We hear complaints here and there that Christians in the United States face persecution. Usually the complaints center on rules prohibiting crèches or Ten Commandment monuments on civic property, or maybe the inability to have Christian prayers at high school football games. Most of these complaints have to do with loss of power and market share. Rarely, if ever, do Americans face true persecution. That is, their lives are not on the line, in the way that, for instance, the Chaldean Christians of Iraq are facing persecution at this very moment. In the lectionary texts for this week, believers are called upon to stand firm and to keep true to their faith in the midst of difficult circumstances. The passage from Isaiah speaks to post-exilic Jews who are facing difficult prospects for the future, while both the epistle and gospel speak directly to the reality of persecution. Where then does faith fit in this equation?
We start with the message from Isaiah – or more precisely – the third prophetic voice in the book of Isaiah. The Jewish people are living in the midst of ruin and despair. Their city lies in ruins and their Temple is no more. They build homes only to see others move in and farm land to see others eat of it. But a new day is coming; a day of new creation, when the old will be gone and the people will again rejoice and be a delight to God. In that day they will not “labor in vain” or bear children only to see them face calamity. Their days will be long in the land and they will prosper. Indeed, in that day the lion and the lamb will lie down together in peace, for in that day the lion will eat straw like the ox. Don’t give up hope, the prophet says to the people, a new day is coming. Live out the dream – build homes and plant vineyards, because a new day is coming. It is a beautiful vision, one we should grab hold of. It is a message of God’s blessings, for which we may give thanks.
But, even as we seek to live out the vision of God, we must remember that there are forces that would seek to prevent this vision from being implemented. In both the New Testament passages the topic of persecution is front and center. In the passage from 2 Thessalonians, which may or may not be written by Paul we hear encouraging news – the Thessalonians are faithful and loving. They long to see Paul, even as he longs to see them. As they face opposition and persecution, they draw strength from the fortitude that the Thessalonians have shown in the face of their own experiences of opposition. They have stood firm and therefore, Paul can rejoice in this. At the same time, Paul prays day and night for them, hoping to be with them face to face so that he can encourage them in their times of troubles. At the same time, Paul prays that they would increase in their love for one another and be strengthened in holiness, so that in the end, they will blameless before God, when Jesus comes with all the saints. This would seem to be a reminder that even as we stand firm in faith, we would not lose sight of our relationships with another.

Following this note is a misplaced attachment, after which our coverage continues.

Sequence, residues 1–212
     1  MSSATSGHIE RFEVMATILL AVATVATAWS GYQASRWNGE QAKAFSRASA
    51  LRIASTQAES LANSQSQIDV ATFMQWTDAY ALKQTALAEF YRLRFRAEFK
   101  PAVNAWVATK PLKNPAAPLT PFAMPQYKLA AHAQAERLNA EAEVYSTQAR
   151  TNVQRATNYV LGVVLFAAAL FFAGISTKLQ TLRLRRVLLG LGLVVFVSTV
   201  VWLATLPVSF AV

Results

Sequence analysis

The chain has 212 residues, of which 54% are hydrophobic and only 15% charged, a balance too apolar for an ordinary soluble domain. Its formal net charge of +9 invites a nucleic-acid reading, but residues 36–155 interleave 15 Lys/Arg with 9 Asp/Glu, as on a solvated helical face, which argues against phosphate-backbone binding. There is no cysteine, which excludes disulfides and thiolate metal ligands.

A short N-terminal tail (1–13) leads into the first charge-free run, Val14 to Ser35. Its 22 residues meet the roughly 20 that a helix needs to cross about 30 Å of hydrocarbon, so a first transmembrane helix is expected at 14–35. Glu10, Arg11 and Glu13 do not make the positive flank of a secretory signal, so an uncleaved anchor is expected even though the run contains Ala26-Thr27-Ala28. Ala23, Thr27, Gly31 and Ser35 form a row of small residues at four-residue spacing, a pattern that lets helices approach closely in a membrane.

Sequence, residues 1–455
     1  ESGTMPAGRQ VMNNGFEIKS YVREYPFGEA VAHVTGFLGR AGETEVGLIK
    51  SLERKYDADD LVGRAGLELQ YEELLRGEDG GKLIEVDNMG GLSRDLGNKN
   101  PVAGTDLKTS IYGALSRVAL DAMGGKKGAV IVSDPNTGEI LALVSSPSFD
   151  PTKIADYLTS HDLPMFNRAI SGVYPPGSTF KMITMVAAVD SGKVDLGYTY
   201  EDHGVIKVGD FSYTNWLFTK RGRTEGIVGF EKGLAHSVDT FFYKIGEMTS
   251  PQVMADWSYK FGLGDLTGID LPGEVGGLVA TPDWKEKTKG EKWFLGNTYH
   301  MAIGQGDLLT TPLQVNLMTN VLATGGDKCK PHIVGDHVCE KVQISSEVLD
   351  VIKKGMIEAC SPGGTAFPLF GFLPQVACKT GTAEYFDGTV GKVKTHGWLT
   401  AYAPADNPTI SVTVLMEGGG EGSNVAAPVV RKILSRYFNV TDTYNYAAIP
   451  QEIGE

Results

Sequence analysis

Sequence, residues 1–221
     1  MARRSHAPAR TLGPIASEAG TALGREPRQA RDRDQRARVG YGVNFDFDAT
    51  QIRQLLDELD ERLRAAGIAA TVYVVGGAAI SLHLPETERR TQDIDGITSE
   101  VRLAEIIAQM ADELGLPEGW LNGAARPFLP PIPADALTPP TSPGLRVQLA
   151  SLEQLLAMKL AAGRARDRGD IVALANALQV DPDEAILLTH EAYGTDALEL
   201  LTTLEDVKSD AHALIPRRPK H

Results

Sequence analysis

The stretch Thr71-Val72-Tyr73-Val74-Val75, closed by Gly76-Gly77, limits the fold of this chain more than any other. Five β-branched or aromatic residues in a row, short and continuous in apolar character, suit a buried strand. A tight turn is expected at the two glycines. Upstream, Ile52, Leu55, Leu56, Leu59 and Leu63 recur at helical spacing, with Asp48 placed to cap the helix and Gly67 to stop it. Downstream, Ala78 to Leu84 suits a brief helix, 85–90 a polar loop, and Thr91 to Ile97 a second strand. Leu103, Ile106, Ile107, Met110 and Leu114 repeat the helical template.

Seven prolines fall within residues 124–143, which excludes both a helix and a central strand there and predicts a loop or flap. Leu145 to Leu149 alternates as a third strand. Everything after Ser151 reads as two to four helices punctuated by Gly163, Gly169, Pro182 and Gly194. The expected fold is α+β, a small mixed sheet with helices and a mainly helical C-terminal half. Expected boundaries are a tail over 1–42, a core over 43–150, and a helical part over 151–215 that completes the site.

If the Thessalonian letter encourages us to stand firm in the face of persecution, even as we are encouraged to increase in love and holiness, the Gospel text reminds us that this call to stand firm may not just be for a season, but be a perennial issue. Don’t be led astray, Jesus tells the disciples if you hear someone come in my name and say “I am he” or “The time is near.” Don’t follow them. If you hear about wars and earthquakes, famines and such, don’t be too concerned, such things will happen. There is this strong appeal to an apocalyptic sense – things are likely to get worse not better, but God will, in God’s time, intervene to bring order to disorder. So don’t be too concerned about what you see and hear – that’s just the way life is.
But, the word you need to hear is that when you face persecution – when you get hauled before religious and secular authorities because of my name, take the opportunity to testify. Give your testimony – tell the authorities about your faith – stand firm in the face of persecution. As I read this, I picture Martin Luther, standing before the authorities, both religious and secular, saying to them in those famous words: “Here I stand, I can do no other.” Jesus tells us in this text not to prepare a defense, but to trust him for the words. Let the Spirit move, because in doing so, the testimony will be all the more powerful.
As I read these texts, I hear in them both a vision of God’s future and a warning. God’s future won’t come into existence without a struggle. There are forces that would seek to prevent God’s reign from coming into existence. Like Dietrich Bonhoeffer, we may have to follow this path to our deaths, giving witness to the ways of God, knowing that in God’s time God’s realm will break through and there will be a new creation and the lion and the lamb will lie down together in peace.
By Bob Cornwall
Bob Cornwall is Pastor of Central Woodward Christian Church (Disciples of Christ)of Troy, MI and Editor ofSharing the Practice, the journal of the Academy of Parish Clergy. Holder of a Ph.D. in Historical Theology from Fuller Theological Seminary, he loves to write, having authored several books, with a book on the Lord’s Prayer due out in November. Besides contributing to this blog, he writes nearly every day at his personal blogPonderings on a Faith Journey, as well as contributing regularly to the Christian Century blogTheolog.